3.2   Community Based Projects. (Solar Powered Appliances) ... 25  

3.3   Essence of Proper Project Management and its impact on Solar Powered Projects in Lagos State. ... 26  


4.1   Why Projects fail? ... 28  

4.2   The Solar powered Electrification project at the Bishop Kodji near Onisowo Village, Lagos state Nigeria. ... 31  

Project Analysis ... 32   4.3   The Solar powered project in Bishop Village of the Amuwo-odofin LGA of


Project Analysis ... 34  

4.4   The Challenges facing solar energy projects in Lagos state. ... 34  


5.1   Summary ... 36  

5.2   Recommendations ... 37  

5.3   Conclusions ... 38  

SOURCES ... 40  


Appendix 1 Title of appendix



Energy has a major impact on every aspect of our socio-economic life. It plays a vital role in the economic social and political development of our nation. There is restriction in socio-economic activities, economic growth limitations and the quality of life is adversely affected as a result of inade- quate energy supply. (NEP 2003).

Location, days of the month, season, time of the day and several other en- vironmental factors has a great effect on the intensity of solar energy radi- ation. Nevertheless, the usage of efficient storage devices in the conver- sion systems of solar energy will positively impact the availability of its radiation.

Solar energy is the third most important renewable energy in terms of in- stalled capacity globally. It comes after the hydro and wind power. Solar systems begin with the solar module. These modules gather solar energy in the form of sunlight and it is converted into direct current (DC) electric- ity. The more the sunlight received, the more the electricity produced.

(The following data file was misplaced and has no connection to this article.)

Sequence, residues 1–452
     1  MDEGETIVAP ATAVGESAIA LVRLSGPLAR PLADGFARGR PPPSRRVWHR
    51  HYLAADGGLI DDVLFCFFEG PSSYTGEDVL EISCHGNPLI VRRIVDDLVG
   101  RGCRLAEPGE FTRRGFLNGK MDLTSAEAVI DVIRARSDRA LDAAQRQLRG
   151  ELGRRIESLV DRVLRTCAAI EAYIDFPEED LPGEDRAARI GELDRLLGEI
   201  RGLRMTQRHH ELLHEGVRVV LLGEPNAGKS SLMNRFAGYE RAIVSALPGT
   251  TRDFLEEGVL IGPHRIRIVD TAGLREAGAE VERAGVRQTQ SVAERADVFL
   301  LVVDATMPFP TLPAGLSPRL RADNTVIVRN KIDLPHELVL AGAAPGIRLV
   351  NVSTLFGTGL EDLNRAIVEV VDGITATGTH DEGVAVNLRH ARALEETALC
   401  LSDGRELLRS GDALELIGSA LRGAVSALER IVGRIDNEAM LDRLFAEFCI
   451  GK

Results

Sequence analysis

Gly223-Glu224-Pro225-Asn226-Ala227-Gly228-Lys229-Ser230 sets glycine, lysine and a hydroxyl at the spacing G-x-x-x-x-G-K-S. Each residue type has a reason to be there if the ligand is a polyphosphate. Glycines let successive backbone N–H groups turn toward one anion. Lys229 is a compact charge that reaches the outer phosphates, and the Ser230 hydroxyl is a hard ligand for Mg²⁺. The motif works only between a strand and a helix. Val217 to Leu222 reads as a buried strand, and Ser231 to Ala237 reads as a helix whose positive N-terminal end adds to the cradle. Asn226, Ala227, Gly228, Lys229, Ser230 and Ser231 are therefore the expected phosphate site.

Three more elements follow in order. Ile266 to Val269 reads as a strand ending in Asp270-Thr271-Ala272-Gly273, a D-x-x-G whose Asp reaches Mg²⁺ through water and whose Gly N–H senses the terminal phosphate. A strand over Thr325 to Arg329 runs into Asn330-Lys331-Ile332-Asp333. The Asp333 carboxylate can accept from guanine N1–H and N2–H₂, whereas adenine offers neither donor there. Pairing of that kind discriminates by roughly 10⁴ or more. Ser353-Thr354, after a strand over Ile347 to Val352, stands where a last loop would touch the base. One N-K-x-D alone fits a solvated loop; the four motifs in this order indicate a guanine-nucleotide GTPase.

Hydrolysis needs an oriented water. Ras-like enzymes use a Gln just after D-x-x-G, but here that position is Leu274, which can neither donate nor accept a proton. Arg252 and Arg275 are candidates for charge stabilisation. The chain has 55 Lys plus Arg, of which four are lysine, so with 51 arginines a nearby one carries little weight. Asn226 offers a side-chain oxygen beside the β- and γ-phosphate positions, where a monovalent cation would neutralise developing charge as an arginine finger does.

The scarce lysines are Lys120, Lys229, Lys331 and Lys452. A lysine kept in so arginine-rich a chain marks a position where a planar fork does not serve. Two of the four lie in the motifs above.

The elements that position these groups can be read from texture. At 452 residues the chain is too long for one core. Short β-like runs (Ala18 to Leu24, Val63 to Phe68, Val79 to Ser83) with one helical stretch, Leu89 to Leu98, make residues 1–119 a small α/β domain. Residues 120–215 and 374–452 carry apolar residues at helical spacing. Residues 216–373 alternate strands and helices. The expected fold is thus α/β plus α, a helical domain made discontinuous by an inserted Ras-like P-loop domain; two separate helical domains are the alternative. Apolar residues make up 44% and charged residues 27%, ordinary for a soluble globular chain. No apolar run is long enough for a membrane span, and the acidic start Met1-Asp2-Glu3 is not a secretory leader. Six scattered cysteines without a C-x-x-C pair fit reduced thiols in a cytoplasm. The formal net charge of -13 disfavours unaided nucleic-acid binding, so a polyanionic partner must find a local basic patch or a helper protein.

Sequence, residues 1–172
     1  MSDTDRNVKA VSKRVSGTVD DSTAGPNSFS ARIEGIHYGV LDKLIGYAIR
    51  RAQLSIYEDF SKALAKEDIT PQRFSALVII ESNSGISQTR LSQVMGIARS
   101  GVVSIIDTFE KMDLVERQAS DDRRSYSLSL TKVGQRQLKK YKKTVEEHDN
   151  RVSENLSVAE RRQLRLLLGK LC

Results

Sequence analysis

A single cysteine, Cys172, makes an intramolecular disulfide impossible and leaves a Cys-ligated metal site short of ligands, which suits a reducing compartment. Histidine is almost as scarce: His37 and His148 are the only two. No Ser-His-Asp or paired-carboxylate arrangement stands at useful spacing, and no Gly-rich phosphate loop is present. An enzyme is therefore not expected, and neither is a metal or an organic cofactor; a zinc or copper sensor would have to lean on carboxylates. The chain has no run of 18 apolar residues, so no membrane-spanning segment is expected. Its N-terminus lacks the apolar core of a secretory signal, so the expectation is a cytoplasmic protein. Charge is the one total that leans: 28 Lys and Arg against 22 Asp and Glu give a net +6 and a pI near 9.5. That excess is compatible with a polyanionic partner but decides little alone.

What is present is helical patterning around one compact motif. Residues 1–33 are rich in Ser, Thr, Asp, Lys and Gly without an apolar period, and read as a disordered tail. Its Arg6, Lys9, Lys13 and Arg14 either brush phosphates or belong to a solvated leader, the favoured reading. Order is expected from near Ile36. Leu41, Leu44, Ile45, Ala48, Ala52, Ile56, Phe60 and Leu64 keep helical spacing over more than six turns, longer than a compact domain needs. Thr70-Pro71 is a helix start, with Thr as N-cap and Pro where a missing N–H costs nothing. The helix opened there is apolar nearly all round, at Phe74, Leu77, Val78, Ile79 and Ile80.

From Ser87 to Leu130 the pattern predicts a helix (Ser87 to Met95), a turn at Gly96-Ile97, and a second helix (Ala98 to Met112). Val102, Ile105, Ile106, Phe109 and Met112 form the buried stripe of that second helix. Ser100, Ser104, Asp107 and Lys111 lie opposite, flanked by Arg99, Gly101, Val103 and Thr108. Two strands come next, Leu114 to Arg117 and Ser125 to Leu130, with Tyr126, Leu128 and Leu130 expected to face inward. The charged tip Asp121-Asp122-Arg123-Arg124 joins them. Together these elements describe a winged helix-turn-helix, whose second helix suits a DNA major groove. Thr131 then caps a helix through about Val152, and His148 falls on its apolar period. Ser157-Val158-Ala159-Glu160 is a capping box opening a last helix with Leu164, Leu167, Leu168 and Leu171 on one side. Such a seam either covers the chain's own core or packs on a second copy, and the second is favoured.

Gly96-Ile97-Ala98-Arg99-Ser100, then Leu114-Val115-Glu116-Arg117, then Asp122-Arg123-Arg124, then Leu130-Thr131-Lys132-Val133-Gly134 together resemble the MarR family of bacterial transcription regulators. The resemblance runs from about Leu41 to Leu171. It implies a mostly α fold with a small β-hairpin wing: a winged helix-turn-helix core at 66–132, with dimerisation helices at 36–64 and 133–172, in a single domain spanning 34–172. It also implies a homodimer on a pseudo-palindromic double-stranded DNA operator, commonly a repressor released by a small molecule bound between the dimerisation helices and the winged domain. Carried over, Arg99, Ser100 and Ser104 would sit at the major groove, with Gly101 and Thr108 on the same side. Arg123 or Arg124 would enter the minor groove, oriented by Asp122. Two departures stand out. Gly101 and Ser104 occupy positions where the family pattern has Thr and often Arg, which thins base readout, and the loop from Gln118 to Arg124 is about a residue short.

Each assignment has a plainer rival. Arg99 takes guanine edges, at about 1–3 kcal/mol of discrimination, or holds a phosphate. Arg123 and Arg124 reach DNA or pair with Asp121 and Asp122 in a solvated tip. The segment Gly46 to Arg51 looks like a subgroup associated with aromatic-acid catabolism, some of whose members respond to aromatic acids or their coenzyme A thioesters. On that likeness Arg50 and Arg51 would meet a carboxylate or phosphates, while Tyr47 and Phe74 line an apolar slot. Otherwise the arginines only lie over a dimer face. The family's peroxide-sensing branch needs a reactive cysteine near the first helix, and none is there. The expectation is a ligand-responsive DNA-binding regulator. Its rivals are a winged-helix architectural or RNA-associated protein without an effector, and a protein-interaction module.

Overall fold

These modules are the heart of solar systems. They are the power genera- tors.

Nigeria lies within a high sunshine belt; within the country, solar radiation is fairly well distributed. The annual average of total solar radiation varies from about 12.6 MJ/m2 –day in the coastal latitudes to about 25.2 MJ/m2 in the far north. (NEP 2003).

Photovoltaic systems provide the energy necessary through the renewable and environmental friendly source- the sun.

This thesis work aimed at understudying the current solar energy powered projects in Lagos state, Nigeria, analyzing the failed projects in the state, understanding the reasons for the failure of these projects, improve the processes involved in manufacture, installations and the routine mainte- nance required to keeping every single solar energy powered projects working as expected.

Lagos state is located on a narrow coastal plain of the Bight of Benin. It lies approximately on Longitude 2.42 degrees east and 3.22 degrees East respectively and also on Latitude 6.22 degrees North and 6.20 degrees North respectively. (Boyo A.O).

Lagos state’s dominant vegetation is swamp forest and it consists of the fresh water and the mangrove swamp forest. There are two climatic sea- sons in Lagos namely: the dry season (November-march) and the wet sea- son (April-October). Lagos state has very good availability of solar radia- tion with 4324WH/M2/Day as the annual average of daily global irradia- tion measured on the horizontal surface in the state. Monthly, the average varies from 5861WH/M2/Day in February as the maximum to



In Lagos state, there is an average annual rainfall of 111ml per annum with an average relative humidity of 82% and mean average temperature of 26.7oC. For sunlight, the state has a mean daily sunshine duration of approximately 5.0 hours per day.

The state is located in the southwestern part of Nigeria, created in 1967, with its capital situated at Ikeja. Of all the 36 states of the federation, La- gos state is the smallest in terms of area but it is the highest in terms of population as the state contains Nigeria’s largest urban area. Lagos state can as well be referred to as the most economically important state in Ni- geria and also the center of commerce for the country. It has 20 Local Government Areas (LGA’s) that is further broken down into smaller units summing up to 56 Local council Development Areas (LCDA’s).